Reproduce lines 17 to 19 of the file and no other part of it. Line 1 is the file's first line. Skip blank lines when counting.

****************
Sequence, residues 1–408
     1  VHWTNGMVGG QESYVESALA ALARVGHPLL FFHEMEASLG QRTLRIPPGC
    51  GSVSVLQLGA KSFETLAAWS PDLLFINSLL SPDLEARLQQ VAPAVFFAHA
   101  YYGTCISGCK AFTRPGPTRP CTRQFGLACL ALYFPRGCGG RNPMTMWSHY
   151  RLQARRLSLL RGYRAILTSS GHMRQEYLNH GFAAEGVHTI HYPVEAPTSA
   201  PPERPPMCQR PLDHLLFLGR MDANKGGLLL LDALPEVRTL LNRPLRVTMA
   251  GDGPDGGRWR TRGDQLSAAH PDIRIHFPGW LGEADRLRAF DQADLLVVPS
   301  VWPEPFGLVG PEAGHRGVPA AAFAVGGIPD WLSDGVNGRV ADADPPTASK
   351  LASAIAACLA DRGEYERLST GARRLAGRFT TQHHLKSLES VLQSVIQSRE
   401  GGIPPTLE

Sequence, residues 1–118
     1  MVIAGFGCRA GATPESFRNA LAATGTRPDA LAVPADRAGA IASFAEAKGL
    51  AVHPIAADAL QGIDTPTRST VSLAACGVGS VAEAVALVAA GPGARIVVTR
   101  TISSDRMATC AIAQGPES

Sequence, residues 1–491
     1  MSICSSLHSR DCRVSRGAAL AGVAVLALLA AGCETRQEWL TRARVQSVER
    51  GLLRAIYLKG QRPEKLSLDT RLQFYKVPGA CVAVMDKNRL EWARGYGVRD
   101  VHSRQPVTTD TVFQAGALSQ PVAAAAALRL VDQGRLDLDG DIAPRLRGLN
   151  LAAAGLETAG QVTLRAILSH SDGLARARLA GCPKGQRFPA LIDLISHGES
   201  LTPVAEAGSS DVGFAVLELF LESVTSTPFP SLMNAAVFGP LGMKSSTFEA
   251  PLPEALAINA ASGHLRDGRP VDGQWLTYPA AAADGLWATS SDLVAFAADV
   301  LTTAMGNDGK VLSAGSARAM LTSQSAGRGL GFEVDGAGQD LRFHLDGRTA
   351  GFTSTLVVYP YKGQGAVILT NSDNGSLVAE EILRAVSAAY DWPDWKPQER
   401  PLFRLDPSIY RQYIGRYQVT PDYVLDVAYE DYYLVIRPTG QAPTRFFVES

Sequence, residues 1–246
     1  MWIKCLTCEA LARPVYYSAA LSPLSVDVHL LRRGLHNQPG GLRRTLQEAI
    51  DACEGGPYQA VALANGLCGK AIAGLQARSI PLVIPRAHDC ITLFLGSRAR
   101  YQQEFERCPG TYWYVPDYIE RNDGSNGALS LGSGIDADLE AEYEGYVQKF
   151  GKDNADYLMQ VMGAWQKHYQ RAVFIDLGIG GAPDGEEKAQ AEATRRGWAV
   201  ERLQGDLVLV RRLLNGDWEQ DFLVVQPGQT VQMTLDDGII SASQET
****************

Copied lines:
    51  GLLRAIYLKG QRPEKLSLDT RLQFYKVPGA CVAVMDKNRL EWARGYGVRD
   101  VHSRQPVTTD TVFQAGALSQ PVAAAAALRL VDQGRLDLDG DIAPRLRGLN
   151  LAAAGLETAG QVTLRAILSH SDGLARARLA GCPKGQRFPA LIDLISHGES